For most people, the RRR should also be below the 10% or so historic average annual return delivered by the S&P 500 over the past 80 years. To illustrate, if your portfolio needs to beat the market to be able to retire securely, you are on thin ice and very unlikely to succeed. Our recommendation would be to save more, spend less, work longer or any combination thereof to increase the odds.
Keeping your eye on your personal required rate of return will keep you on track and motivated to stick with your long-term plan, while measuring your portfolio against the S&P 500 or the Jones’ will land you in troubled waters.
Talking about sirens and troubled waters, not a day goes by without the surge in the price of bitcoin and other cryptocurrencies being mentioned in the news.
But first, what is it? Cryptocurrencies are digital currencies created through complex computer algorithms and stored on a network of servers. Unlike the US dollar or any sovereign currency, they are not issued or guaranteed by a central bank and therefore fall outside the purview of regulators. They are secured against hacking through encryption (hence the name) and can be converted into real-world money anonymously. This has attracted some criminal elements, a point emphasized by regulators and critics.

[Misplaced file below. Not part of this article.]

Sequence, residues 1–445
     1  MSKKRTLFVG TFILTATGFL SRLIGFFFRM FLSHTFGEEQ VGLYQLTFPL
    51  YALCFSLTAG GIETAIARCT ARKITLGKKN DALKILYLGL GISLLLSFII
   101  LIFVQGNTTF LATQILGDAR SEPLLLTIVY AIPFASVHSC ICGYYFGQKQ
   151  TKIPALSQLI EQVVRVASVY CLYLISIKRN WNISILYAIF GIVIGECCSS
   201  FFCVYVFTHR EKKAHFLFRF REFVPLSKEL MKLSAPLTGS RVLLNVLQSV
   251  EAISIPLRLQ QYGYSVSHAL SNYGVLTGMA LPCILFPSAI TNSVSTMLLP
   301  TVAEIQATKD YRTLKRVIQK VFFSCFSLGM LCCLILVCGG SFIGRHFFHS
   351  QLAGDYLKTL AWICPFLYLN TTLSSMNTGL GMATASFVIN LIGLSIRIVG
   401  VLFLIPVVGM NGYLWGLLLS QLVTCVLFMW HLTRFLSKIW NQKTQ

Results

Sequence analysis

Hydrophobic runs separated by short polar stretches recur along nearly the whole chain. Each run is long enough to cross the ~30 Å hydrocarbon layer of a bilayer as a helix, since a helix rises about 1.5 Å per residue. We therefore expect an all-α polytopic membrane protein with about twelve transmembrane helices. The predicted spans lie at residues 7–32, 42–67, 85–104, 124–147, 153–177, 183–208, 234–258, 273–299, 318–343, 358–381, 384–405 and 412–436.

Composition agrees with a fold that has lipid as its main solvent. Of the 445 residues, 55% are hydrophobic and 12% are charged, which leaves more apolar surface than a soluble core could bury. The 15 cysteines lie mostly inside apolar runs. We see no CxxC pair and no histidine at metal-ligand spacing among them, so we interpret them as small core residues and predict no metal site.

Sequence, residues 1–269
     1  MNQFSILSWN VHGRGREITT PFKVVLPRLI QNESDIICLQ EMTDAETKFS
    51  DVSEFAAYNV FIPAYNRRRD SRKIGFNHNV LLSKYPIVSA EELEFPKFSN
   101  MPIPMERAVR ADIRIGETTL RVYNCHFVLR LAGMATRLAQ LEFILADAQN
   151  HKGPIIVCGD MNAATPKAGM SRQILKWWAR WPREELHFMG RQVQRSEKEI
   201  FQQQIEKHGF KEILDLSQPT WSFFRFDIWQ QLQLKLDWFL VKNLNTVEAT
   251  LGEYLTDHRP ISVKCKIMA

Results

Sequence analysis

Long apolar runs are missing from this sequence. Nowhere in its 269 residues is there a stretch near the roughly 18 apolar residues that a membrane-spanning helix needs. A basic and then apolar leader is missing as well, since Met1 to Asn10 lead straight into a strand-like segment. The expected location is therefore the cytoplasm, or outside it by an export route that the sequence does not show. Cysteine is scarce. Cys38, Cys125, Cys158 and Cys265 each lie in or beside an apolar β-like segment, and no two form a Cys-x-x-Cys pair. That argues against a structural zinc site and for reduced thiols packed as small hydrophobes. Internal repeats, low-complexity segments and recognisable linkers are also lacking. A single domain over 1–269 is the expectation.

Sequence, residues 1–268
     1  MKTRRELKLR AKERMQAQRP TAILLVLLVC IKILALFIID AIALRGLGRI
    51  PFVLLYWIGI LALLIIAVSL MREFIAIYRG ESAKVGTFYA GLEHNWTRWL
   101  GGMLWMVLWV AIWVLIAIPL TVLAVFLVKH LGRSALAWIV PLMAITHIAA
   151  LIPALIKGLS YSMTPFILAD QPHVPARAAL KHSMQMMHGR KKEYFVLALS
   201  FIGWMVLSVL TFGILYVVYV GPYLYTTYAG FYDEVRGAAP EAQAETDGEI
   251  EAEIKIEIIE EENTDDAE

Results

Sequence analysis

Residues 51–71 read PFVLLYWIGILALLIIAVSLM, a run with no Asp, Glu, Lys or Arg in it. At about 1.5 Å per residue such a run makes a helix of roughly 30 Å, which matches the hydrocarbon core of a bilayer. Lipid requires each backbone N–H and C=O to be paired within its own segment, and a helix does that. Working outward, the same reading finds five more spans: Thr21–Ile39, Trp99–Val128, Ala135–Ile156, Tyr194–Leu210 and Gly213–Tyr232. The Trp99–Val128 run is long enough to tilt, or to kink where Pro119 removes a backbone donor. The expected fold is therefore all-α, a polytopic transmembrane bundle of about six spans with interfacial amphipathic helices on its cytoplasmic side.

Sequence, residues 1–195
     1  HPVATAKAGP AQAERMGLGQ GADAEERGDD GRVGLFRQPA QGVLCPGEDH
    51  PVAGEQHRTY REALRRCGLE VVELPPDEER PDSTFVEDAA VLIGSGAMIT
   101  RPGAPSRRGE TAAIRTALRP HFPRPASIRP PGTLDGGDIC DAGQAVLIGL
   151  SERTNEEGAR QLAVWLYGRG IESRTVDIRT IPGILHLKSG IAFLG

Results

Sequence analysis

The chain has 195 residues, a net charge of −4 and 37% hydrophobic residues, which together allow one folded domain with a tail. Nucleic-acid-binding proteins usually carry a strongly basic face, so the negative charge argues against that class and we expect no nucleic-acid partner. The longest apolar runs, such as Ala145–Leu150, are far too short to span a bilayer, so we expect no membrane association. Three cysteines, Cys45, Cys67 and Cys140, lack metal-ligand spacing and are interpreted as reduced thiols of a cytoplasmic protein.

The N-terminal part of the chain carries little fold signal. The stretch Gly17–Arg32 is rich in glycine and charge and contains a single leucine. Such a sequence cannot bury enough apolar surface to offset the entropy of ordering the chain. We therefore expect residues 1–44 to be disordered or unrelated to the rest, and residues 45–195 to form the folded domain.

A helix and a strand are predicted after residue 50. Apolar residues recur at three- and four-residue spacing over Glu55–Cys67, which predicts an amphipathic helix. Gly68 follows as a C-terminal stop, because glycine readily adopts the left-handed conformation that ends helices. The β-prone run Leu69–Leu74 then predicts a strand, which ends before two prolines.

Why are prices up so dramatically? Scarcity, enthusiasm and—a big driver of such speculative manias—the fear of missing out are all contributing factors. Only a finite number of bitcoins can be created or “mined”, and the closer we get to the finite number, the more computing power is required. Consequently, the cost of mining new coins is rising rapidly: according to this article in Mother Jones, “just one transaction can use as much energy as an entire household does in a week, and there are about 300,000 transactions every day.”
Should you care? Bitcoins, like gold, art, or tulips, have no intrinsic value because they do not generate any cash flows unlike stocks, bonds, or real estate. As such, there is no standard by which to estimate the value of what one is buying. Consequently, it is a vehicle for speculation rather than investing, and today’s buyer can only hope that someone in the future will be willing to pay a higher price. Eventually, like all manias before, it will end badly for a lot of people. We just don’t know when.
As its price keeps spiraling higher though, we believe that bitcoin’s success might unfortunately reflect an increasing lack of trust in fiat currencies, especially following a decade of loose monetary policies around the world. It might also signal a lack of faith in government in general as cryptocurrencies are created outside of a central bank. It is very possible though that some of the technologies behind cryptocurrencies such as blockchain, a digital ledger, will remain and thrive in a world where securely tracking financial transactions is increasingly challenging.
Happy Hanukkah and Merry Christmas.